Jesus’ Family is Our Church Family
Today I want to talk about our church family and the family of God, because I recently read this passage about Jesus’ family and it made me think.
When you watch a beautiful family, it’s incredibly inspiring, isn’t it? If you’re blessed to have one of those, it’s a really amazing thing; but there are also families which are very painful.
The very same people who are supposed to be a safe family connection in a loving space can be very hurtful, so in family we experience pain and frustration. Sometimes we even experience abuse in our family.
Because our views of family can be broken, in order for your church to be a good family, it’s going to take God’s hand at work.
Do you know what God reminds me of, when I get discouraged about how to create a healthy and good church family? That he has been faithful in this area of my life.
My husband and I have a blended family. We’ve been married almost 13 years, and when that happened, Jim and I, Jim’s two daughters and my son and two daughters came together as a family. Blended families come with all kinds of baggage, and we had that too. It took us several years to even try to be in the same room and be okay with each other.
We had to be intentional with a lot of prayer and a lot of God’s hand for this family to come together and become some sort of a family. On top of our own blendedness, four of our children are married. Jim’s two oldest daughters married men who already had children, so our grandchildren are blended too.
We call ourselves the “smoothie family” because there are so many different parts, but God has done something amazing in our family. I can’t tell you our family is perfect. There are all kinds of issues still because, again, we came together in a way that is not the way God intended, but God in his sovereignty has been able to do something beautiful in our family.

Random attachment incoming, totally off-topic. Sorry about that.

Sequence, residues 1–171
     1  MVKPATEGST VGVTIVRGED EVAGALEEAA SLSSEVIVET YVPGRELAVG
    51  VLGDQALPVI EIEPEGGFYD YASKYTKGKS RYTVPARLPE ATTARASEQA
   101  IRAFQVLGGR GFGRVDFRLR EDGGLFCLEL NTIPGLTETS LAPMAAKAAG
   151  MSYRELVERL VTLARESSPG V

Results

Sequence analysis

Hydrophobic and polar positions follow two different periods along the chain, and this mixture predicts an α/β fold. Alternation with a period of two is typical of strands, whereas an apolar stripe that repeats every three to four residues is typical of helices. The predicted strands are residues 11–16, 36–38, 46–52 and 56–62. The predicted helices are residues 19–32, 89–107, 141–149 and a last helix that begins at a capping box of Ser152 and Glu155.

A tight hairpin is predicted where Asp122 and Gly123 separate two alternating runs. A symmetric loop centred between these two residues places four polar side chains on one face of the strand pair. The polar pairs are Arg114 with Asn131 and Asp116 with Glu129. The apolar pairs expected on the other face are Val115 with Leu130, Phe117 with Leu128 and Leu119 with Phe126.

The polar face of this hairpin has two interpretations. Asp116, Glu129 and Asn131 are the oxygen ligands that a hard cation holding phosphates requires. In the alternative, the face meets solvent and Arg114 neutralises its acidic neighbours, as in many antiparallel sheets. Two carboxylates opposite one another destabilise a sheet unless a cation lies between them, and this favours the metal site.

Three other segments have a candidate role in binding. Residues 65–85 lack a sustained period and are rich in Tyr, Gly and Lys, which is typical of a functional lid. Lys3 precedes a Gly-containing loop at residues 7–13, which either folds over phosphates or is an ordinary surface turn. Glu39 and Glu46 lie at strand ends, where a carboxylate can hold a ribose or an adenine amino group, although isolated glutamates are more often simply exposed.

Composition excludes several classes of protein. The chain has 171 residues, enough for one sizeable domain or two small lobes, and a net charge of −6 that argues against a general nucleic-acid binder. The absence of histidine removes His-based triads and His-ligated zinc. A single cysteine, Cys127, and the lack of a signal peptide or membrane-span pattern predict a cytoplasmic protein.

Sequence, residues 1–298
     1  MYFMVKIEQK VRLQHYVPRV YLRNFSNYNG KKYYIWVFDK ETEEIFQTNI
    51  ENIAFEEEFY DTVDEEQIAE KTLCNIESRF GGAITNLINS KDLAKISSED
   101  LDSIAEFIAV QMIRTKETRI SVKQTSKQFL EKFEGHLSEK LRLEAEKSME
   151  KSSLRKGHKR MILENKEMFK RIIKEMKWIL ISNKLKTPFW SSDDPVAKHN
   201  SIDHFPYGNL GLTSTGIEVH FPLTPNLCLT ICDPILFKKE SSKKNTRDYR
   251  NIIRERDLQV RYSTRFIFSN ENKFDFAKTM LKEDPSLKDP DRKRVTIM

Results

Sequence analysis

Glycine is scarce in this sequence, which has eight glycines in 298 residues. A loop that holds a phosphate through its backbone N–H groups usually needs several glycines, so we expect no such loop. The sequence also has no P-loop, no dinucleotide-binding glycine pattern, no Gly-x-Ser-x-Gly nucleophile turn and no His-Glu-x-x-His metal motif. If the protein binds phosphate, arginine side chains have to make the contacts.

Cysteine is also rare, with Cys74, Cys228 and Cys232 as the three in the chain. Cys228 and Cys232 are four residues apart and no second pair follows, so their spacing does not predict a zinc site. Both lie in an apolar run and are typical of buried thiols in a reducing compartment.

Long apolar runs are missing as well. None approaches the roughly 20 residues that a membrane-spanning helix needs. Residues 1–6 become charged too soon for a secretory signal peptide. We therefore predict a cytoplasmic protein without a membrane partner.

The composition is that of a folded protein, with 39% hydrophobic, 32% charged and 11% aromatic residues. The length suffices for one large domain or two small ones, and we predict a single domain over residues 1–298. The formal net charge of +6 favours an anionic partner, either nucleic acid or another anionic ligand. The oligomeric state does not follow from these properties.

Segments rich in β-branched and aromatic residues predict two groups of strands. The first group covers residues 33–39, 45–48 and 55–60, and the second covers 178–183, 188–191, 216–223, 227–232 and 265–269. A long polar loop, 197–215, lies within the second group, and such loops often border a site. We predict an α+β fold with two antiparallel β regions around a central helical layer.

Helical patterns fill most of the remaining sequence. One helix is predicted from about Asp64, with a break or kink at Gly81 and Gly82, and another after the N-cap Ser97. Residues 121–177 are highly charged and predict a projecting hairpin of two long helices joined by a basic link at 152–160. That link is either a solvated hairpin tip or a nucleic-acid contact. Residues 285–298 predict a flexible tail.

So, you know my story of family and what God has done. But what is the family of God supposed to look like and how should we be that beautiful family?
“Then Jesus entered a house, and again a crowd gathered, so that he and his disciples were not even able to eat. When his family heard about this, they went to take charge of him, for they said, ‘He is out of his mind.’ And the teachers of the law who came down from Jerusalem said, ‘He is possessed by Beelzebul! By the prince of demons he is driving out demons.’
So Jesus called them over to him and began to speak to them in parables: ‘How can Satan drive out Satan? If a kingdom is divided against itself, that kingdom cannot stand. If a house is divided against itself, that house cannot stand. And if Satan opposes himself and is divided, he cannot stand; his end has come. In fact, no one can enter a strong man’s house without first tying him up. Then he can plunder the strong man’s house. Truly I tell you, people can be forgiven all their sins and every slander they utter, but whoever blasphemes against the Holy Spirit will never be forgiven; they are guilty of an eternal sin.’
He said this because they were saying, ‘He has an impure spirit.’ Then Jesus’ mother and brothers arrived. Standing outside, they sent someone in to call him. A crowd was sitting around him, and they told him, ‘Your mother and brothers are outside looking for you.’ ‘Who are my mother and my brothers?’ he asked. Then he looked at those seated in a circle around him and said, ‘Here are my mother and my brothers! Whoever does God’s will is my brother and sister and mother.’” Mark 3
Notice that Jesus’ family does not understand this idea of the family of God. They don’t see what Jesus is doing. They think he has lost his mind. Already, Jesus had a reputation and it wasn’t always good.